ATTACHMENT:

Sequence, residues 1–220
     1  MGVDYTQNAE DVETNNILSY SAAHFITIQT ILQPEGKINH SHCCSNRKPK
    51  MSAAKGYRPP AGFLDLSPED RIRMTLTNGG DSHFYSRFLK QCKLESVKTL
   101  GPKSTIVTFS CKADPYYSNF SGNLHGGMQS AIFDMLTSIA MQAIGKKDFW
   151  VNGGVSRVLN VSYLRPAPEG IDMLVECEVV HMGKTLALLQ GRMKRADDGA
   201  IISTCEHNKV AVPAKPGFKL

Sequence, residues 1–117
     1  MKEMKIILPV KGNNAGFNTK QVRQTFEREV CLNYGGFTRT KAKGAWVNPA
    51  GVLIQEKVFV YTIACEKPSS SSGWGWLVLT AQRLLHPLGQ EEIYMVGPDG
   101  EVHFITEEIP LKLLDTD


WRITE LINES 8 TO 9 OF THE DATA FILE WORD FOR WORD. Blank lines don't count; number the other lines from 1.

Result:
     1  MKEMKIILPV KGNNAGFNTK QVRQTFEREV CLNYGGFTRT KAKGAWVNPA
    51  GVLIQEKVFV YTIACEKPSS SSGWGWLVLT AQRLLHPLGQ EEIYMVGPDG